“It came to me while picking beans, the secret of happiness.
I was hunting among the spiraling vines that envelop my teepees of pole beans, lifting the dark-green leaves to find handfuls of pods, long and green, firm and furred with tender fuzz. I snapped them off where they hung in slender twosomes, bit into one, and tasted nothing but August, distilled into pure, crisp beaniness… By the time I finished searching through just one trellis, my basket was full. To go and empty it in the kitchen, I stepped between heavy squash vines and around tomato plants fallen under the weight of their fruit. They sprawled at the feet of the sunflowers, whose heads bowed with the weight of maturing seeds.”
Braiding Sweetgrass: Indigenous Wisdom, Scientific Knowledge and the Teachings of Plants by Robin Wall Kimmerer
Reading the writing of Kimmerer is like walking directly in the summer. You can feel the day as she steps into her garden or out in the woods. The phrase “bit into one , and tasted nothing but August” says it all for me. It is why I garden, why I put my hands into the soil each spring pushing little seeds gently into a new home so they may stretch their roots deep in the soil and reach high in the air with their green stems.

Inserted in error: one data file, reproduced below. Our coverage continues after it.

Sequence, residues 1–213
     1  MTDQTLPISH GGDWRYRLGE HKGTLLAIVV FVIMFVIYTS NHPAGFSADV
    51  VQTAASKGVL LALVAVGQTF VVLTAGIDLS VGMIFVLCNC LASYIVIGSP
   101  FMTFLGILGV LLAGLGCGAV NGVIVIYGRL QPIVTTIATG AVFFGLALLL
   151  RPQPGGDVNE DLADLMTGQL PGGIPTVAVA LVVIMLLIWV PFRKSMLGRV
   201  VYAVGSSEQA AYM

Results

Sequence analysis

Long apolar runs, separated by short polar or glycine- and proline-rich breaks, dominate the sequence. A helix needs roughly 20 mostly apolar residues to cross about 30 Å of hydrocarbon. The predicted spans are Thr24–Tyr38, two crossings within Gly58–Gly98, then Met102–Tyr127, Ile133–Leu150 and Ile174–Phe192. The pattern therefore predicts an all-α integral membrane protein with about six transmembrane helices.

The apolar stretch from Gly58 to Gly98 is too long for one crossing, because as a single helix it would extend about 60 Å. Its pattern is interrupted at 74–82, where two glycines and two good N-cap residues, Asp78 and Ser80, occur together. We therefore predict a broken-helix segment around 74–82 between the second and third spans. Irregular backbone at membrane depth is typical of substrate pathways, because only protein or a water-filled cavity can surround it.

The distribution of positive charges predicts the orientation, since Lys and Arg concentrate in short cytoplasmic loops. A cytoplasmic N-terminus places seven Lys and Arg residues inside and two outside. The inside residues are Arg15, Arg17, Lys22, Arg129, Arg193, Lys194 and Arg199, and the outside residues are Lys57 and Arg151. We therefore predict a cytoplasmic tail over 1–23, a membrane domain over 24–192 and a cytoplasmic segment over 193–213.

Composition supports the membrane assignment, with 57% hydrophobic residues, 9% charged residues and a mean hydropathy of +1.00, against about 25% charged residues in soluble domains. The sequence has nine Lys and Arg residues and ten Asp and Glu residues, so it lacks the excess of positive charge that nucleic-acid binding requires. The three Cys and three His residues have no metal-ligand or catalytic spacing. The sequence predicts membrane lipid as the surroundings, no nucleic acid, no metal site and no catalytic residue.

The season of growing is coming. The ground is releasing the heavy frost of winter. The sun is lingering longer each day and allowing the air to warm, the plants to awake and the sleeping winter world as a whole to waking up.
I sit and stare at my raised beds, the black soil still stiff with frost. I watch the stalks of last years wild grasses leaning over after the winter snow and the branches of the Weigela sway in the March breeze waiting for the leaf buds to expand releasing small green leaves.
It is time. Spring is peaking out to greet us. I can feel it in my bones, in the ache of my fingers, in the warmth of the sun while sitting on the afternoon steps. While reading Kimmerer she reminds us of what is to come as the earth gives us her summer gifts.
Welcome spring time!